My infatuation over the Galloping Gourmet ended abruptly once I discovered three-dimensional real-time boys.
Latino hunk, Manuel, swept me off my middle school, size five feet. It was on his tie-dyed bedding, surrounded by black velvet rock art and the required black lights, that I had my first…
The doctored masa with a choice of fillings steamed in cornhusk qualifies in my book as food cooked in leaves. What’s a husk if not a glorified leaf with static cling? I must have known I’d someday write this cookbook. You could say I used Manuel for my tamale education. But, he got even ten-fold using me for my social studies test answers. Our mutual opportunism ended after a mouthwatering two weeks.
I honed my taste for the exotic with Freshmen crush, Eric. His Behemian father gave me smuggling tips for getting betal leaves into the US. They are stimulants and anti flatulents (the latter, I joked, was the reason commercial importations are banned).
The mildly addictive cousin of cocaine is
commonly sold on the streets throughout Asia where people wrap betel nuts, lime
and spices in them.
|Pate in Cabbage Leaves|
A Hungarian defector helped me refine my stuffed cabbage galumpkies. At left is a later rendition, an entire cabbage stuffed with pate and served cold as an appetizer. Later a twine-thin African American broke every food stereotype by eating only endives (sans the filling I offer up in the cookbook).
anorexia made him much less appealing around meal times. Then there was the Jewish intellect. He liked kosher stuffed cabbages but not his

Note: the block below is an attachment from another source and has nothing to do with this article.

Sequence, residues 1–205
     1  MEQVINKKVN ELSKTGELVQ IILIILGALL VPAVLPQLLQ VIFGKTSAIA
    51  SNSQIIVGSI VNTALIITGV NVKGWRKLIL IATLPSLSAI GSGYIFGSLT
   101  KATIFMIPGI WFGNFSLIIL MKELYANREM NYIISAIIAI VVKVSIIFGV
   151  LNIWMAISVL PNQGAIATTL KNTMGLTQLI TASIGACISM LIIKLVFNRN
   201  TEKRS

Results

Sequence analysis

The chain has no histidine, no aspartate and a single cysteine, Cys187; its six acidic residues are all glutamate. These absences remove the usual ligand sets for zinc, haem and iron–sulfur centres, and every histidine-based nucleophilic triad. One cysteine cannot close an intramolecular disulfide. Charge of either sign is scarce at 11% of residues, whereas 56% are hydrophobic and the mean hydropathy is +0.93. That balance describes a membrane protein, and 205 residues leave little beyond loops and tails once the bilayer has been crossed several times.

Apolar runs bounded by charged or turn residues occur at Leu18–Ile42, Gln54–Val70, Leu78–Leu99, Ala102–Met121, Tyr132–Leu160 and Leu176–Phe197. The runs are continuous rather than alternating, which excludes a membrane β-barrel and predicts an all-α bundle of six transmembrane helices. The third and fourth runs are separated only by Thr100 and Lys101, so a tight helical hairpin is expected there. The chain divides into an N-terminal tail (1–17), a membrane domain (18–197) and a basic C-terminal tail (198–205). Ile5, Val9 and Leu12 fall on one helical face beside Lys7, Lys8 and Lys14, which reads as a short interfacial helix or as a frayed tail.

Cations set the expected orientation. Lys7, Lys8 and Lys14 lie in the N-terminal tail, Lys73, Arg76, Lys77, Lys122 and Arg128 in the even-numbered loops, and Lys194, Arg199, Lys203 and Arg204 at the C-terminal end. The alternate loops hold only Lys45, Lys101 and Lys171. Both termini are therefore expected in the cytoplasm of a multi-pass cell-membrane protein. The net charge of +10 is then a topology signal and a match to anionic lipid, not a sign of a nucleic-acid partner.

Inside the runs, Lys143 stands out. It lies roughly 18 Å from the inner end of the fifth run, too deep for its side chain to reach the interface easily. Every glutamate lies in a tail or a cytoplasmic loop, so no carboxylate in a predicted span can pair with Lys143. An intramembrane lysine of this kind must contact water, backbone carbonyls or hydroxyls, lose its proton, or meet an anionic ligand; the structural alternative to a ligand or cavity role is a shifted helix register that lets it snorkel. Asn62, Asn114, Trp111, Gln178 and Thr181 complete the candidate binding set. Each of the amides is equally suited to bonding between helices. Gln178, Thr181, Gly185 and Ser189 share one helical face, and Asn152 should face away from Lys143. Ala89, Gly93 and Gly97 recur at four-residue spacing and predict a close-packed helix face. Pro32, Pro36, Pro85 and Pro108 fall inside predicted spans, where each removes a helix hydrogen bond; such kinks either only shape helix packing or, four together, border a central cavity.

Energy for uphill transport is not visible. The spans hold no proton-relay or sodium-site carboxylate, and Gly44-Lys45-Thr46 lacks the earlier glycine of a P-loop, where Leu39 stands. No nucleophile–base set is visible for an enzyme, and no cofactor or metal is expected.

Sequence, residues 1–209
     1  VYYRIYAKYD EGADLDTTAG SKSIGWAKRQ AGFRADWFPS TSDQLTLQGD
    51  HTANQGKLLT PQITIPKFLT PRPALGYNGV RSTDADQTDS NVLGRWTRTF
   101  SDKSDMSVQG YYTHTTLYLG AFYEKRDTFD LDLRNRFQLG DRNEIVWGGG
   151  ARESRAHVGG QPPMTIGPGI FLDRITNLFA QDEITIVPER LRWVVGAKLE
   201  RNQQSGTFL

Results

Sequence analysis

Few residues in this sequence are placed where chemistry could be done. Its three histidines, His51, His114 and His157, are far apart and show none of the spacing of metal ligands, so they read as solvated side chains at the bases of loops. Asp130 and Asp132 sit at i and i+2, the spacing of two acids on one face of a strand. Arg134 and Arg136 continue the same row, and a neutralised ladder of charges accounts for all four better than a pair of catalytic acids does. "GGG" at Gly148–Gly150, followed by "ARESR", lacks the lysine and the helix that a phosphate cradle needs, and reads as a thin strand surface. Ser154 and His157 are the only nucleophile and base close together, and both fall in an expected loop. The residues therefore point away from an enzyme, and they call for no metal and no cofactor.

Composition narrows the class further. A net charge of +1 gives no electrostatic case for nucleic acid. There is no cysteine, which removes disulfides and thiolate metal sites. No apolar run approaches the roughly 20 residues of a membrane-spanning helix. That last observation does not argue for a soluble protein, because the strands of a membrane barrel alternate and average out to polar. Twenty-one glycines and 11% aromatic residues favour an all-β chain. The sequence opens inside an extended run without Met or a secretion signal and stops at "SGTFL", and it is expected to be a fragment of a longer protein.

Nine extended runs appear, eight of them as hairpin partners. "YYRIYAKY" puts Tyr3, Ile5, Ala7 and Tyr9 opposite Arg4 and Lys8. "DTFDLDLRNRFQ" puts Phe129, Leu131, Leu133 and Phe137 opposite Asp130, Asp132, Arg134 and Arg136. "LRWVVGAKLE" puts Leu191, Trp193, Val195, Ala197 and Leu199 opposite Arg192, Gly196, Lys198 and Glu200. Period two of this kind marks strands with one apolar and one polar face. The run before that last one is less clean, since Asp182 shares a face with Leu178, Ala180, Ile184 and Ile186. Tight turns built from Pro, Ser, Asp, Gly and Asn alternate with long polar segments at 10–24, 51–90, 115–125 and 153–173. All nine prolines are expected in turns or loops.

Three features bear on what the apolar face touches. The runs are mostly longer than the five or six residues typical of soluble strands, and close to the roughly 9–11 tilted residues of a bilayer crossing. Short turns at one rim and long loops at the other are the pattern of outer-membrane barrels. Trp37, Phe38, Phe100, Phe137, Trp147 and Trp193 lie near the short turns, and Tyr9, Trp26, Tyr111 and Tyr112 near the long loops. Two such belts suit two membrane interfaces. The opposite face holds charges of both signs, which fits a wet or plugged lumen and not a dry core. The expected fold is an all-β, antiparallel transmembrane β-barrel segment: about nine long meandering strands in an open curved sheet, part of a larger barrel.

mother’s corn flakes-coated gefilte fish.
He confused me with one set of dishes for dairy and one for meat, a
yearly clearing of the yeast, and his inability to de-bone fish on the Sabbath.
Then came first generation Christophoros, AKA Greek God. I loved him as only a food-crazed high school girl can love. Everything about him tantalized my senses.
I could smell his house from a block away, like approaching the Greek Orthodox gate into heaven: garlic, onions and green peppers browning in extra-virgin olive oil, tomato and lemon juice simmering with bulgar, goat feta and something briny that turned out to be preserved grape leaves, which developed into an obsession that lasted beyond the six years we dated.
Chris’s mother, Helena Papos, was an olive-chubby Cypriot who stood only as tall as my shoulders. But she was a giant if measured by her pastichio and baklava.
She taught me what I needed to know to marry her son. The path to his eternal devotion, she assured me, led right to his stomach.
No one could more skillfully incorporate kasseri cheese into bread, fold spanikopita into perfect triangles, or better teach the fine art of filling and rolling vine leaves into dolmathes.
“Every girl should make dolmas,” Helena said with pinched Os and not-quite D’s.
She instructed, “Pull the clump of leaves from the jar. Rinse. Flatten one out on the counter, veins up. Now add filling like this.”
“No, no, not enough. You’ll starve my Christophoros to death with that pea-sized filling.”
I scooped more onto the leaf.
“Roll like this. Like a cigar.”
I was suppose to know how cigars were rolled?
“Side near you up. Two sides in.”
I copied her motions.
Over the next half hour, we rolled and wrapped and packed the Dolmas until we had enough to satiate all the circle dancing members of a typical Greek wedding reception. We’d sealed the stuffed leaves, we’d sealed our friendship.
Thanks to Helena, I was hooked on cooking in Leaves.
|Inky - AKA Karen Albright Lin|